vision 2020

Is Kamala Harris Inevitable?

Ticket-bound? Photo: Brendan Smialowski/AFP via Getty Images

Karen Bass is the latest in a line of last-minute contenders to be Joe Biden’s running mate, but longtime front-runner Kamala Harris may not have too much to worry about. I chatted vice-presidential intrigue with political columnists Jonathan Chait and Ed Kilgore.

Ben: We’ve covered Tammy Duckworth and Susan Rice in previous chats (you both possess warm feelings toward both). What do you make of Karen Bass, who, by many accounts, has rocketed into the top tier of contenders — but who now faces scrutiny over her apparent enthusiasm for Scientology and Fidel Castro?

Ed: Like a lot of the bouts of buzz we’ve seen recently, I interpret the Bass Boom as just another effort to push back against a probably inevitable choice of Kamala Harris. Bass being a Californian, promotion of her is perceived as potentially damaging to Harris. And Bass has built up a lot of friendships in California politics over the years. It’s sometimes underappreciated that she was Assembly Speaker before going to Congress.

Jon: It’s quite bizarre she has been mentioned so prominently in news stories that have taken her seriously as a contender. She has not been preparing for a job like this, and her résumé can’t survive the scrutiny. She is just not a plausible pick. So either there’s some element of subterfuge, or it’s a “favor” to her and her allies, or somebody in the Biden team floated her name without vetting — like, at all.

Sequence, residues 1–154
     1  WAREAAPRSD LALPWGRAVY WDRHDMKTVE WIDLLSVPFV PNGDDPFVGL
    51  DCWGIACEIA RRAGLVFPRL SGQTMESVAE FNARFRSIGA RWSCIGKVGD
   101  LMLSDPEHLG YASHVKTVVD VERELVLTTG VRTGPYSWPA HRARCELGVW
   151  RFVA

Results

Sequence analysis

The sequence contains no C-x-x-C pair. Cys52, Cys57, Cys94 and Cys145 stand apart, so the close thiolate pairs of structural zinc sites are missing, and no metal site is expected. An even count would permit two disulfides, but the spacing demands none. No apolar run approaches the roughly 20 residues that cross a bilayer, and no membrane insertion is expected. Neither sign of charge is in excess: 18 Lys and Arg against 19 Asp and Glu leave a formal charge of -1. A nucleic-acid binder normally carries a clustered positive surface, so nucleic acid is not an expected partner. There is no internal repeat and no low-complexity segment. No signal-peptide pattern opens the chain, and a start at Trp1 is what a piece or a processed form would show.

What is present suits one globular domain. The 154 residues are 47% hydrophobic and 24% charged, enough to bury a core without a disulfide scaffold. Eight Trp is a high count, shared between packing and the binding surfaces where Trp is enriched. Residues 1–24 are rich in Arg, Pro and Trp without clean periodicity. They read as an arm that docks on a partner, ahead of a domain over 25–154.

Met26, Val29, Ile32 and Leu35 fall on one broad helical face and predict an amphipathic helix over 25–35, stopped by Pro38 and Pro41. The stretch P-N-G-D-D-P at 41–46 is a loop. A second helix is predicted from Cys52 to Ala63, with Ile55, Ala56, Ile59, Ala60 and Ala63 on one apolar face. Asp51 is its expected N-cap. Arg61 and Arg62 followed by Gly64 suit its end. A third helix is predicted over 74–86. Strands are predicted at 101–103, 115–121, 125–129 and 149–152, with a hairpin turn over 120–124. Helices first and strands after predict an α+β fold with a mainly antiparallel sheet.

But I don’t see the payoff to Bass in subjecting her to coverage in which she is forced to make statements like “I am not a communist.” How is this process reputation-enhancing? To be clear, I think Bass is a well-regarded legislator. But she is just not prepared for a national election.

Ed: One theory (floated by Bill Scher) is that Bass, as someone who has disclaimed interest in the presidency, might be the one choice who would keep things wide open for 2024. Assuming Uncle Joe just serves for one term.

Jon: Why on earth wouldn’t she run for president if she was elected VP? I mean what professional pol would walk away from an opportunity like that? She would be more than 10 years younger than Biden is now. The whole thing makes no sense.

It’s not just the Cuba connection that’s the problem, either — she also eulogized a major American Communist leader. And then it turned out her explanation that she turned up at a Scientology temple because it was “in her district” wasn’t true, either. It’s just brutal.